One of the best things about my current habitat, Brighton, is the dynamism and creativity that seems to fill the air here like oxygen. More and more artists and innovators are drawn here every year, and it is steadily gaining a reputation as a UK hub for digital start-ups, with sector-related meet-ups and happening events every other night of the week.
Last Wednesday, I managed to squeeze two such events into one evening. The first was organised by the Digital Catapult Centre Brighton, an initiative led by Coast to Capital LEP in collaboration with the University of Brighton and Wired Sussex to deliver a range of innovative projects designed to be accessible to start-ups and SMEs.
This event was part of a series called ‘Tech Beyond the Screen’, which looks at the opportunities and challenges that will arise as digital technologies move from screen-based devices to becoming embedded in the real world.
Due to my later engagement, I was only able to stay for the first talk, delivered by Shane Mitchell, “a business strategist focused on the market applications of technology, future of cities, communities and global innovation networks.” One of the things that most caught my attention about his presentation was this slide he reproduced from the KPCB internet trends report.
As we can see clearly, there is still plenty of room for the internet to impact on the public sector, including education. As a translator and former language teacher, it got me thinking, what kind of innovation would I find useful in language education? There is already a lot going on, with a host of free and commercial apps to choose from, including DuoLingo, Memrise, and Babbel.
However, most of them stop at fairly basic, functional levels. You might finish a course able to carry out a conversation with someone in the foreign language, read the newspapers and understand the fundamentals of its grammar. However, I know from experience that students tend to plateau once they reach Advanced Level. They’ve learnt all the grammar, have a large functional vocabulary, can manage complex sentences and express themselves clearly in spoken and written language.
In short, they have professional proficiency. But most of them will still make mistakes, albeit small ones. Even more will sound obviously foreign through their choice of words and sentence structure. Very few will ever write English with complete naturalness and fluidity. And even when they can write well, it is usually only in a narrow field with set phrases and vocabulary, for example, a technical report or query e-mail. This is why it is always recommended to find a translator who translates into their native language.
Writing well is a difficult skill to master, even in your native language, and a depressing number of students enter university with only a vague notion of proper punctuation and principles of good style. (Though some of the linguistic poverty of their essays may have been a product of a severe hangover rather than a functioning brain.)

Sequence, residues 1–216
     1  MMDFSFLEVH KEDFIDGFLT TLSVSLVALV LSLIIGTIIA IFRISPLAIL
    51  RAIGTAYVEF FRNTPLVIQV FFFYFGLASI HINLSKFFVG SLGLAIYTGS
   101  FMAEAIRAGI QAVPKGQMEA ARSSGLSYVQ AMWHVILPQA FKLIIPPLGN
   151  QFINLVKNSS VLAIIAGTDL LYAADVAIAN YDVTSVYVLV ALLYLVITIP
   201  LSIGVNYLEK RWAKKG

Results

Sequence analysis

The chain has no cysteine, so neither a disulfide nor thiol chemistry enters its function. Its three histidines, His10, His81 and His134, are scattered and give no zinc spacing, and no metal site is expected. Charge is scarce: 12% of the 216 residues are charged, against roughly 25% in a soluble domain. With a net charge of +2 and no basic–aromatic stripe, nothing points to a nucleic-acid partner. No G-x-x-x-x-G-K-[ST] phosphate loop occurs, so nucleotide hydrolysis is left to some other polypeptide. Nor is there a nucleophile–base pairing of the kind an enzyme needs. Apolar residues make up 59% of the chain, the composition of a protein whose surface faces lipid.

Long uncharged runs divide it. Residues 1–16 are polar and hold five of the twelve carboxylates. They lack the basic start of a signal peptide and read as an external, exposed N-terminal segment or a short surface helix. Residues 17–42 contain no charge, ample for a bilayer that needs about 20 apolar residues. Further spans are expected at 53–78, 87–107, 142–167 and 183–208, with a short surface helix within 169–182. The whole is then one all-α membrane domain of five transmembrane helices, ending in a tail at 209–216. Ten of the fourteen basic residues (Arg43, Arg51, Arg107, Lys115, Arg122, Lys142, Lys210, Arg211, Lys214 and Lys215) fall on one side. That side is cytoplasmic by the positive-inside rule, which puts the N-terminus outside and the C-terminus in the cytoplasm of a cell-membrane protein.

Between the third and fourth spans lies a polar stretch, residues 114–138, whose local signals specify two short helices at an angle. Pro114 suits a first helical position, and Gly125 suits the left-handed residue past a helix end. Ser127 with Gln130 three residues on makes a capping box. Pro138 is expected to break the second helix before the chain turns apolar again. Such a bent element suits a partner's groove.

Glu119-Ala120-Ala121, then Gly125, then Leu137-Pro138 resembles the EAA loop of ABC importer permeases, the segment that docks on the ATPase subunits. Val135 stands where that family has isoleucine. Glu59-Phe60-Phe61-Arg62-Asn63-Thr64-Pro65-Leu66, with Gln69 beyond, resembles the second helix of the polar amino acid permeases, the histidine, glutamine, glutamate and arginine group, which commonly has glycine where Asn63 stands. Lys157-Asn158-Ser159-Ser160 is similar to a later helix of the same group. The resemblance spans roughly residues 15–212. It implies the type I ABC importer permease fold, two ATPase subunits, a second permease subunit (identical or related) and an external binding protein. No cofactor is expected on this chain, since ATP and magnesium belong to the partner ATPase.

My own Spanish and French writing skills are nothing to write home about (bad joke intended). So for me, then, some kind of app or online language course that teaches you to excel at foreign language writing would be extremely useful. On a more basic level, it might provide sample structures for writing business e-mails and reports, or allow you to choose from a database of set phrases. Even better, it could analyse your piece of writing, highlighting common ‘direct translation’ mistakes and providing a better alternative. Unfortunately, as I’ve written in a previous post, once computers get really good at translating routine texts, many translators will find themselves out of a job! That’s why I plan on staying creative.
The second event I attended was a relatively new networking group called Brighton Digital Women. It was founded by Rachel Finch, Lana Burgess and Alice Still to bring together women working in digital marketing and related disciplines. With the digital tech industry still being heavily male-dominated (for reasons nicely laid out this infographic on the BDW website), the purpose of the group is to inspire and empower women to forge successful careers in digital and thus close the gender gap. It is also an opportunity to share ideas and experiences – and being pro-diversity, men aren’t excluded from attending!
There were about 16 people there, (including two men), with the discussion centring around digital mentors – seasoned professionals we could invite to speak about different aspects of the industry. It was inspiring and motivating to be surrounded by a group of independent-minded, entrepreneurial and creative women, and the group’s increasing visibility will hopefully encourage more women to enter the digital sector and add their own unique perspectives to our rapidly changing technological environment.